I venture to appeal to the hon. Member for South West Manchester to withdraw his Amendment for the re-committal of the Bill. I may do so the more readily because my views on the subject of flogging are more in accord with his than those of the last speaker. I sympathise with him in his desire to retain, and even increase, the punishment of flogging. I voted for the Juvenile Offenders Bill a few years ago. I have no hesitation in saying that it is the crime which is the degradation of the man, and not the punishment; and on that account I feel very strongly that the punishment of flogging ought to be preserved in many cases. I am not very sure, however, that those men who live upon the earnings of women are specially fitted for such a punishment. Genuine cases of rape or brutal violence will be more suitable for flogging, than for the sordid and despicable offence which these men commit. It is not a brutal, violent offence, and therefore not suited for a violent punishment. I would take exception to the tone of the promotor of the measure who seemed to suggest that any hon. Member who supported this Amendment was not sincerely desirous of seeing these men punished. I think it was a pity for the hon. Member to adopt that tone. My hon. friend the Member for South-West Manchester is as anxious to see these men punished as any one, and he brought forward his Amendment in no spirit of hostility to or from a lukewarm feeling for the Bill. There is this to be said; Scotland, rightly or wrongly, has pronounced against adult punishment with the cat; and I think it would be a mistake for us to go counter to the express wishes of that country. It is on that account that I feel myself unable to support my hon. friend in his Amendment. The hon. Member for the Scotland Division stated that a number of innocent men had been prosecuted for this offence, but my hon. friend surely allowed his imagination to run away with him when he drew a sort of picture of a Government being so corrupt as to bring against their political opponents a charge of being pimps, and having them convicted under this clause although they were innocent and God-fearing men. That is too absurd, and quite impossible to realise. I think the English Act made it perfectly clear that these men were to be dealt with as they had been under the Act of 1824—that is, if they were twice convicted they should be liable to the cat. I am very desirous of seeing dangerous offences to the community still punished with the cat, but I should not like to see it used as a punishment for incorrigible obstruction in this House, for that would bring men for whom I have a great regard under it.

(1.20.) MR. BANBURY (Camberwell, Peckham)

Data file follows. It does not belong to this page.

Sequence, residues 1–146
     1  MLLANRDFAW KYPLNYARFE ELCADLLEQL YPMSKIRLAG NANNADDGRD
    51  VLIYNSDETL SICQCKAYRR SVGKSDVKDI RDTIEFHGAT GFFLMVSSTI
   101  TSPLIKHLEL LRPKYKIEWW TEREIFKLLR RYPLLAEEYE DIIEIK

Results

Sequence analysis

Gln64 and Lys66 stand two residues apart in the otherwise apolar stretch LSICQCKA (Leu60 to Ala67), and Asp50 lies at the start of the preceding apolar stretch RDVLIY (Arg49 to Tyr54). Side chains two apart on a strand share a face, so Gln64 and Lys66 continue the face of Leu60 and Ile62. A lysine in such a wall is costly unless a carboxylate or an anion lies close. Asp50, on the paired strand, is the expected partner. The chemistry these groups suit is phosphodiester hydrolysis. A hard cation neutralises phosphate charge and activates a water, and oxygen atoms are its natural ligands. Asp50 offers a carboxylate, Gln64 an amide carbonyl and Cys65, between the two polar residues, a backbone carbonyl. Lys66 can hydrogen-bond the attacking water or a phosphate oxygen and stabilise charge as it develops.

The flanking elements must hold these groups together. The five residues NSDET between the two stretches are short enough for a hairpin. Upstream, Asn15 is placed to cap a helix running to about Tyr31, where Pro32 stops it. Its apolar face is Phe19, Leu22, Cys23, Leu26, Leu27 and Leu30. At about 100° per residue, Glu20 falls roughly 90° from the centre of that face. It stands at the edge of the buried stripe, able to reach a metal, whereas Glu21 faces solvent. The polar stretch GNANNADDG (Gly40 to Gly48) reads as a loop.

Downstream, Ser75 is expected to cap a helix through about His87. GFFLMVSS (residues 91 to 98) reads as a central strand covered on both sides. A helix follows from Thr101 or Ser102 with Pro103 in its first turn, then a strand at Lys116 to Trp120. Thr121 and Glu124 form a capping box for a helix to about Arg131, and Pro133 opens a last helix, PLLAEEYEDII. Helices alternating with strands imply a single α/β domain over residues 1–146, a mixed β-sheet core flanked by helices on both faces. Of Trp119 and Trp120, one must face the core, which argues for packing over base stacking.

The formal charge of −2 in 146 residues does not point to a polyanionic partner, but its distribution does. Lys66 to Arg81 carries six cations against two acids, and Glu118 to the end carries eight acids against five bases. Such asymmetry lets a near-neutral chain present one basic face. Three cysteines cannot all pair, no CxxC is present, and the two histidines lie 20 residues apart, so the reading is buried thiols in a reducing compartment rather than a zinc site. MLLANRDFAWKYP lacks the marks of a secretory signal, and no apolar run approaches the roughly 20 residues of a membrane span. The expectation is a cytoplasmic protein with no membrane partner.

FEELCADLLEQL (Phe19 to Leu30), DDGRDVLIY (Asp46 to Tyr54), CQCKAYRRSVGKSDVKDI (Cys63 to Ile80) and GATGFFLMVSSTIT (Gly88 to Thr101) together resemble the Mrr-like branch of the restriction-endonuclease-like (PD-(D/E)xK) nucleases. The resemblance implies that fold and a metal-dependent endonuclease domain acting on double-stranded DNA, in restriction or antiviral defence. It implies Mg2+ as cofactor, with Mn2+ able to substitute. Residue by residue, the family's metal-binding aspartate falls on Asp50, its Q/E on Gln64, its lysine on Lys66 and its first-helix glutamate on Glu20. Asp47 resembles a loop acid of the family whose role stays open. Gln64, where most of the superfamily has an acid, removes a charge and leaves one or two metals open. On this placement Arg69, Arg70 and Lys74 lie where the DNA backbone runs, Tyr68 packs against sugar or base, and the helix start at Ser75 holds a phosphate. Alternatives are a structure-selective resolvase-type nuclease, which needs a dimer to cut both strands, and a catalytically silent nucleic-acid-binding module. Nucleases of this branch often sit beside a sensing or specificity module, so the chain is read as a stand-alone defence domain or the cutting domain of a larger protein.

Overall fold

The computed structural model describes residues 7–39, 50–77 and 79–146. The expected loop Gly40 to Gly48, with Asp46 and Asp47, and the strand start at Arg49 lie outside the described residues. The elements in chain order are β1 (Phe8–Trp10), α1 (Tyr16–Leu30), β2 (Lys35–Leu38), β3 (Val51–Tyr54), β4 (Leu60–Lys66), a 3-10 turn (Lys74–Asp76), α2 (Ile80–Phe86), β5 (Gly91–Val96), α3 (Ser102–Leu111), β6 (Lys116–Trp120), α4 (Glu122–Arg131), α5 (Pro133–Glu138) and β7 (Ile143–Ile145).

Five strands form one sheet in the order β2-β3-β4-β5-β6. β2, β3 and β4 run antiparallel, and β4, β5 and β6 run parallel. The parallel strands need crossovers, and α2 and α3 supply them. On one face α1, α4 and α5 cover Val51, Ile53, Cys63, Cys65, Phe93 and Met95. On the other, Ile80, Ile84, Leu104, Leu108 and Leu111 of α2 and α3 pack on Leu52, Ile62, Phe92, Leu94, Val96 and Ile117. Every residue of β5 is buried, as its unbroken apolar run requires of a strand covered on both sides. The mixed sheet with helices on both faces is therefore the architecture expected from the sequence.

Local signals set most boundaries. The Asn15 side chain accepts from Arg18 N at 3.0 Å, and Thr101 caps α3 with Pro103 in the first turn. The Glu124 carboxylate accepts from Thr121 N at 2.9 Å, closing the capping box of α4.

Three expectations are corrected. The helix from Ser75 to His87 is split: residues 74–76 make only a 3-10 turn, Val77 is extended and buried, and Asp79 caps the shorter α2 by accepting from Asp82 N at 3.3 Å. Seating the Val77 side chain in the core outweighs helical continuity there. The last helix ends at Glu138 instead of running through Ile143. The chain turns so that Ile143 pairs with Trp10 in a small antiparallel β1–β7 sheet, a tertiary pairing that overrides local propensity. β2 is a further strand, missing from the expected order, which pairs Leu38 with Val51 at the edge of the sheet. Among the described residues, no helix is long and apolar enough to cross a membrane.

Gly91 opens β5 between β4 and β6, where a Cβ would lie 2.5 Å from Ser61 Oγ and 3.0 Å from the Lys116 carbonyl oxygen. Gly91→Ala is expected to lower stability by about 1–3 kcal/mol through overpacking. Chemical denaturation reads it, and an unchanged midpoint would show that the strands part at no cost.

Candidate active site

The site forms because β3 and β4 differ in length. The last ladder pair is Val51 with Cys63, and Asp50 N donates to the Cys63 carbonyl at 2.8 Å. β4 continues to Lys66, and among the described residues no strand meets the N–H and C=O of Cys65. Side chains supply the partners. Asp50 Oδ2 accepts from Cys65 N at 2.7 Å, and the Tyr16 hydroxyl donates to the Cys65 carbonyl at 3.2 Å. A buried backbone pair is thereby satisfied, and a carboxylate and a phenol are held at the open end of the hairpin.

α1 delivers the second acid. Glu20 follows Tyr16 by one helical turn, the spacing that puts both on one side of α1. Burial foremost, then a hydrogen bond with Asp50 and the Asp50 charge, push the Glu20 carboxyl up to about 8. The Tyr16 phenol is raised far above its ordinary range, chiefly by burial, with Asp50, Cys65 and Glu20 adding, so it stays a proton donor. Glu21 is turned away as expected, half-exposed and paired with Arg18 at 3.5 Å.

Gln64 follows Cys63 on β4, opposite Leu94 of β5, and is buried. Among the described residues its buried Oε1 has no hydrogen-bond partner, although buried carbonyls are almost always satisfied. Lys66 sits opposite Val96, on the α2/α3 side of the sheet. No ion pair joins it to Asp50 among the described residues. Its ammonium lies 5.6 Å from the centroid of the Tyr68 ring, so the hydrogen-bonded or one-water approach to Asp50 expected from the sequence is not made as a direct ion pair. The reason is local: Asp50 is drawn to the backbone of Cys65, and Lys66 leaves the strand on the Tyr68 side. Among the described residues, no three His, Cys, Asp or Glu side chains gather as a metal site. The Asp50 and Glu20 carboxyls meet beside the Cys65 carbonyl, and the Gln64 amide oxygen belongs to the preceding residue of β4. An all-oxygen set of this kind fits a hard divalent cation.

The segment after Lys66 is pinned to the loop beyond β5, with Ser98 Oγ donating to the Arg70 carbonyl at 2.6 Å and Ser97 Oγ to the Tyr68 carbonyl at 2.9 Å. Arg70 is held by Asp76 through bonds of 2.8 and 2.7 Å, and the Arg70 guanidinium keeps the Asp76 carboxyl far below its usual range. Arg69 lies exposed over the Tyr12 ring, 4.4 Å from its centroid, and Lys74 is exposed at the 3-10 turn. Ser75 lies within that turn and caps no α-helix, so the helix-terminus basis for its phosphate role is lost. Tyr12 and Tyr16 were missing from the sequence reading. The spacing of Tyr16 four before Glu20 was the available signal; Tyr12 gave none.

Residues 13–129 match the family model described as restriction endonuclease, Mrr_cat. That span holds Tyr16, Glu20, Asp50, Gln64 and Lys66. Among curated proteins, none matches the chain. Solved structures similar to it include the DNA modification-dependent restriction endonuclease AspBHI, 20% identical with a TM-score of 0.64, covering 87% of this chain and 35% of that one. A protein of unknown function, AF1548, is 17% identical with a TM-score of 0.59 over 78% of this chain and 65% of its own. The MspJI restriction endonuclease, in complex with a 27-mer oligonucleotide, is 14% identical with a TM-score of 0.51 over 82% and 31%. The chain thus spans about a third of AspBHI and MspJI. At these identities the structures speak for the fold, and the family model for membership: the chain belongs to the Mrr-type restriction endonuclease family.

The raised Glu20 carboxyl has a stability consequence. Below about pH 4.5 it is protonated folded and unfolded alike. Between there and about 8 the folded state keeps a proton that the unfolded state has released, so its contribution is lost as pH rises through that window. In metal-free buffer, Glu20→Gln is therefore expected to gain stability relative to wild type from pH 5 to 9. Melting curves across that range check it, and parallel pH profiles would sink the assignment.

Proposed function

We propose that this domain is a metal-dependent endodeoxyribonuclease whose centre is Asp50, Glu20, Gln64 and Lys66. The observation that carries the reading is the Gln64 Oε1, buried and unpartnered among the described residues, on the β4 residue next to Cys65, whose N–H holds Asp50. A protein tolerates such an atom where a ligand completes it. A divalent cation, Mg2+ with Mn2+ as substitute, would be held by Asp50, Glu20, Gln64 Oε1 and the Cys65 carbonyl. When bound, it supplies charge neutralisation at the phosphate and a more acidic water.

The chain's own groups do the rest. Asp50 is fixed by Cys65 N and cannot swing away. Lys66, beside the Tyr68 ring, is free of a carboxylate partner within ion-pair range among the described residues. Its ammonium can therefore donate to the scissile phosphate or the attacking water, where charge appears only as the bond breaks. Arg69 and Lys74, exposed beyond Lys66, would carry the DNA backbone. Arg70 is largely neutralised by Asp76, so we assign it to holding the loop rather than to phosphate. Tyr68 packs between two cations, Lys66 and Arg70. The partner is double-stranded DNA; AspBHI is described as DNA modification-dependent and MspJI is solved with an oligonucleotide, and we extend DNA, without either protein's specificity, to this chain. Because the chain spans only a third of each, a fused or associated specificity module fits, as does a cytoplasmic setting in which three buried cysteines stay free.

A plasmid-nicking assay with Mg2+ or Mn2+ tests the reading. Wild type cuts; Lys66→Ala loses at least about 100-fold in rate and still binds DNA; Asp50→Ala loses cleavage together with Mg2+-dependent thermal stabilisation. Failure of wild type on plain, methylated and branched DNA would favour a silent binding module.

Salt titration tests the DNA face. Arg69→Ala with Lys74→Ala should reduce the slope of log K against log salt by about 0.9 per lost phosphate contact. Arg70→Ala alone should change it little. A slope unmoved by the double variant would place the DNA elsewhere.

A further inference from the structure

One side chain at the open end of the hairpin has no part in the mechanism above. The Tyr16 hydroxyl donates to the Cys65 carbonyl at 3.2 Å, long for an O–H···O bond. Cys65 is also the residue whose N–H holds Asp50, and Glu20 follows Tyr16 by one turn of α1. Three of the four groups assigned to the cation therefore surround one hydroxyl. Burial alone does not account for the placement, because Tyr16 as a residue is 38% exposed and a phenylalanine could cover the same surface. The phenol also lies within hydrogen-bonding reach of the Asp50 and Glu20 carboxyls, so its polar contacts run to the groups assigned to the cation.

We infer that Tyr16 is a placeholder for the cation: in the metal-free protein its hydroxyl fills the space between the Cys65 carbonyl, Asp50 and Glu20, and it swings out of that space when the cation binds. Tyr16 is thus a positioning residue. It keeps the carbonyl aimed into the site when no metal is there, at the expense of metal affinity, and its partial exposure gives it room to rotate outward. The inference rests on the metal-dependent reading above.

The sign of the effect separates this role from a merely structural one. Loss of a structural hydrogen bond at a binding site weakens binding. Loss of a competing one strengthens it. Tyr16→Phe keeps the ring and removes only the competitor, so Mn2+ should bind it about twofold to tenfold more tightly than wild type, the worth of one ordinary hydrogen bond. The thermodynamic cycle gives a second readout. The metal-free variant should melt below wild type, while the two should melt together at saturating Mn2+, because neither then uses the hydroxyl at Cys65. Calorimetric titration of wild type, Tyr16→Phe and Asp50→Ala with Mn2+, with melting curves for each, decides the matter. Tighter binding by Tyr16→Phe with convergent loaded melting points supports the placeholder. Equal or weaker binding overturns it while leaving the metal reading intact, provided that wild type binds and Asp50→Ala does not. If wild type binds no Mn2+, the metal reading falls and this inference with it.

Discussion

I quite agree with my right hon. friend in saying that the hon. Member for Glasgow was a little unjust to the hon. Member for South-West Manchester when he stated that in moving the Amendment he wished to kill the Bill. The fact that the Bill has gone through all its stages after midnight shows that there has been no desire to wreck it. The Lord Advocate has cast some doubt as to whether the punishment of flogging is allowable under the English Act. He has not said it is not so, and therefore I am inclined to think so; but in order to administer the punishment of flogging, the offender must have been twice convicted. After listening with great interest to the speech of the hon. Member for Scotland Division I must say that the case he told us about seemed to show that the punishment of three months imprisonment did not act as a deterrent. Undoubtedly, these men led a very easy and lucrative life by committing this offence, and the punishment of three months imprisonment is not sufficiently deterrent. The ease mentioned by the hon. Member for Scotland Division was very sad, where a woman who was anxious to change her mode of life was yet so much in the power of a man with whom she lived that she was compelled to go back to her old career. I think if this man was convicted of the same offence on a second occasion it would not be wrong to inflict upon him the punishment of flogging. There is another point. How is it that, if this punishment is so much objected to, it was not opposed when the English Bill came back to this House from the House of Lords? The Bill went up to the House of Lords without the punishment of flogging in it, but it came back with the Clause empowering flogging, and no one raised the slightest objection to it. † I do not see why † In (4) Debates, lxiv., 748, there is reported a discussion on the consideration of the Lords' Amendments. A division was taken on a motion to postpone their consideration for three months; another division was taken on the Lords' Amendment to leave out the clause repealing the (logging section of the Act of 1824.—[ED.] England should be treated differently from Scotland. I hope that in the event of the Amendment of my hon. friend being carried the Government will give facilities for passing the Bill in its later stages.